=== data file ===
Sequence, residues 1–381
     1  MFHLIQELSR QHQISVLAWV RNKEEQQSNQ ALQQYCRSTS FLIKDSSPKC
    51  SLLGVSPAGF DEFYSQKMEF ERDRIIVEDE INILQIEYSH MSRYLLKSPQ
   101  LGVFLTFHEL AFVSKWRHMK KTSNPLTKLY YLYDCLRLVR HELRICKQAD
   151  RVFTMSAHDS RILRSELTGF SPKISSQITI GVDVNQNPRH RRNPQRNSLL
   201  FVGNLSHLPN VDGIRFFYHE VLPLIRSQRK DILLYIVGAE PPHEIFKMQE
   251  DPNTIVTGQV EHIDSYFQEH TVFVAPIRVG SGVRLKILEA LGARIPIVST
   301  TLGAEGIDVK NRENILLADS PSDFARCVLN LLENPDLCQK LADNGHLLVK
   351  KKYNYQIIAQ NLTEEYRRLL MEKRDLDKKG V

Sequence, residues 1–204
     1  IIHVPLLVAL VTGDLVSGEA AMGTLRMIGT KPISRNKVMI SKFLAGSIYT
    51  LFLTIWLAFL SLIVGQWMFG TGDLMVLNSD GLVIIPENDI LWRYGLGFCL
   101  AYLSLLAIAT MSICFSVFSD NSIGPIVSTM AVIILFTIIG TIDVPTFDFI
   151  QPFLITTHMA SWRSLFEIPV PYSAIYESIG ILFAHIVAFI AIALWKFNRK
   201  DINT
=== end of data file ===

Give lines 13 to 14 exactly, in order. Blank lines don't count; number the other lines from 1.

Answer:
   101  AYLSLLAIAT MSICFSVFSD NSIGPIVSTM AVIILFTIIG TIDVPTFDFI
   151  QPFLITTHMA SWRSLFEIPV PYSAIYESIG ILFAHIVAFI AIALWKFNRK